We are all pilgrims. All kinds of pilgrims we are - a wanderer, a traveller, a wayfarer, towards a distant place which is purer, holier, a more promising and tranquil place; towards a clearer consciousness of our existence and that of our Creator's. As we make the journey we walk alongside many other pilgrims. As selfish as we may become in taking steps toward our destination we cannot deny the other equation of life. It is not just about our relationship with the object of our journey, our Creator, there is also the other aspect of our relationship with fellow creatures. Can a pilgrim so self-centered and focused on getting a better view of the Light trample upon others along the way? No, one cannot simply push people aside and hurt them, no one, not anyone from any sections of the society, especially if he has some degree of knowledge above others.
I wish to expose a story of a pilgrim who was in Madinah last Ramadhan. He supposedly have mingled with renowned shuyukh because he himself is a 'sheikh'. This learned 'sheikh' while in Madinah had approached a handful of women on the internet with the intention to marry. But Allah knows best his true intention. Picture this: a good looking 30-something bearded Caucasian male, with blue eyes, wearing white jubbah and imamah and carrying a stick, so very sunnah in outer appearance, wandering about the world meeting other 'shuyukh' and 'mureed' while actively pursuing women on the internet only to mislead and cheat them.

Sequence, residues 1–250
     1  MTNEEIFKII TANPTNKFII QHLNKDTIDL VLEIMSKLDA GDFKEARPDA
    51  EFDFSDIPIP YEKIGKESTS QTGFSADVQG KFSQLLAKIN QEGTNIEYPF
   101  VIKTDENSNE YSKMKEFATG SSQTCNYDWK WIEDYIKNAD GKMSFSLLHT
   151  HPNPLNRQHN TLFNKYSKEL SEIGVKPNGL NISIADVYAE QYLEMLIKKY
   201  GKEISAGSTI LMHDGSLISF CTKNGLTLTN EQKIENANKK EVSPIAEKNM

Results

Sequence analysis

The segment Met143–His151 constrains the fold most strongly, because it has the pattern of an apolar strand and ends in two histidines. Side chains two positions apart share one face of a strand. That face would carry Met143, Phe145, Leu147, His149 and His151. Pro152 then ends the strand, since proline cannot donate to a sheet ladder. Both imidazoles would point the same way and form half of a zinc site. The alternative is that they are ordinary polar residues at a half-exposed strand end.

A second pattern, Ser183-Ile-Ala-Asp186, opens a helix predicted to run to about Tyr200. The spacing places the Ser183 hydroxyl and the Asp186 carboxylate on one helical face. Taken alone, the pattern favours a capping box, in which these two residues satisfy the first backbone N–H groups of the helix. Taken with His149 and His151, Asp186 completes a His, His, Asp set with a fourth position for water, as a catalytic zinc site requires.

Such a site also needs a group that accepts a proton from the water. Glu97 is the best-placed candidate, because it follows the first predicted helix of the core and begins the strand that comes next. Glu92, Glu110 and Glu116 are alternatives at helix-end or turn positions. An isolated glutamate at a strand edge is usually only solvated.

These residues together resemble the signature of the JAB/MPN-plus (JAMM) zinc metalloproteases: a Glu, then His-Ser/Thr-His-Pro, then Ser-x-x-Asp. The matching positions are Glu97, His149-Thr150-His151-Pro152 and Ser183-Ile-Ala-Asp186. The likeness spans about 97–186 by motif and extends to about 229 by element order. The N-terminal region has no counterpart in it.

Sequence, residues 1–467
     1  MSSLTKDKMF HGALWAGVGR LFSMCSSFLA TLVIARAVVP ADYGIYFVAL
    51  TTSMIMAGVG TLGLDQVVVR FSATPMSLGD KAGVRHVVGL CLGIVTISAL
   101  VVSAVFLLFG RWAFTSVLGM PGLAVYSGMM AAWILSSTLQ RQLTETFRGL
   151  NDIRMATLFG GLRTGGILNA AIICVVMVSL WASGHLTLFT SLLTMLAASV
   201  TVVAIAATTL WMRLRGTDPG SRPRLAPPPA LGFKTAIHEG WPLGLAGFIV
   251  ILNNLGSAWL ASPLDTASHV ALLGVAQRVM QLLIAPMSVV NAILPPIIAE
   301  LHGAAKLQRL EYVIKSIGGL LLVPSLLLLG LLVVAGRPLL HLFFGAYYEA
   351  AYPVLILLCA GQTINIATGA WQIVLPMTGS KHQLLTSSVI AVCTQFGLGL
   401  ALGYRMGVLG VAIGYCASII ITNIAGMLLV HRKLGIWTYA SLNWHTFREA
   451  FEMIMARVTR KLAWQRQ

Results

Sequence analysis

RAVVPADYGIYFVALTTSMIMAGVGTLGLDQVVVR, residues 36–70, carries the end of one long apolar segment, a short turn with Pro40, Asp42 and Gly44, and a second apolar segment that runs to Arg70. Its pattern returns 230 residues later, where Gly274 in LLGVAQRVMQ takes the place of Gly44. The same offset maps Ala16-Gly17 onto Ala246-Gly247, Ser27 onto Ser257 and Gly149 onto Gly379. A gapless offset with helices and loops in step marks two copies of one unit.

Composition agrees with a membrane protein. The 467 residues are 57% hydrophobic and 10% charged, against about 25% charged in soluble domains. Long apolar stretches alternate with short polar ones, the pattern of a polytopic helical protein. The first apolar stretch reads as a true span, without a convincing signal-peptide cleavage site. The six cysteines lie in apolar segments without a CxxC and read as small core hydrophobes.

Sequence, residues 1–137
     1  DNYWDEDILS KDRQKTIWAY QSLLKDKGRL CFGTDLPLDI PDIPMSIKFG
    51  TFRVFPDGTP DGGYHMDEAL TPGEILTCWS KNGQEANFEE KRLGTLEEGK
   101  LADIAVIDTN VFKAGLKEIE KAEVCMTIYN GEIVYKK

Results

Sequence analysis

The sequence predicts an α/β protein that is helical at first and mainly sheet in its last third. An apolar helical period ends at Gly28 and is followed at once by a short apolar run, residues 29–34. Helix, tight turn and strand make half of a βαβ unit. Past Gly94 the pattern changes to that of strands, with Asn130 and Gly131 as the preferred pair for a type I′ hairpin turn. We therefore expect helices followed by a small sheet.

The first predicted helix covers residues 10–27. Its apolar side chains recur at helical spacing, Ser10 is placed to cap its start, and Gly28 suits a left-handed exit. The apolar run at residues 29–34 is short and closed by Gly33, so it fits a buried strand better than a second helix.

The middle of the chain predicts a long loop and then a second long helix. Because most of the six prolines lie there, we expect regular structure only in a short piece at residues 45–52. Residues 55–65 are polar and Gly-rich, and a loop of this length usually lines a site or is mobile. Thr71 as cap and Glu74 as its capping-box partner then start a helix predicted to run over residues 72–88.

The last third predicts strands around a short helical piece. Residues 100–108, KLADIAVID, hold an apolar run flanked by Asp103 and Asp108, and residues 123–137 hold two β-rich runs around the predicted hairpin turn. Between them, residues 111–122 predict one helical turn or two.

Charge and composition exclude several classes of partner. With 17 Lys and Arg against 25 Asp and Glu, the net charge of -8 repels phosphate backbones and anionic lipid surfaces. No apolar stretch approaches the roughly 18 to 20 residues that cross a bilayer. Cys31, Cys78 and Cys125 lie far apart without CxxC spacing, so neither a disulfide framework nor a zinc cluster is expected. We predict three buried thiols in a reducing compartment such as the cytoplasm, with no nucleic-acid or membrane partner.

Imagine if your sister were to cross path with such a pilgrim? One who claimed to be living on constant consultation with his guru - a Qadiri Tariqa guru based in Chechnya, a guru who emphatised with his obedient mureed thus 'allowed' the lonely mureed to sleep with woman prior to nikah. Imagine the pilgrimage of such a 'guru'? Allah Hu Allah. Imagine the many kinds of pilgrims of life! Sisters around the world, especially those in England, beware! If he was a true 'sheikh' the other shuyukh in the U.K would surely know him, but unfortunately no.
In the lesser pilgrimages I was privileged to make, the pilgrims who had touched my heart didn't appear overly religious at all. I cherished an old Indian lady pilgrim who prayed next to me, who out of the blue leaned over to kiss my cheek. I cherished a Bangladeshi woman who patted on my head like I was her daughter. I cherished a Malaysian brother who conversed with me very politely and we have remained friends for 6 years now. Al-Hamdu lillah.
In this blissful season of hajj, let's ask ourselves what sort of pilgrims are we? Do we put a smile on people's face or do we plant a thorn in their hearts?
May Allah let us mingle with beautiful men and women. May Allah protect us from evil pilgrims.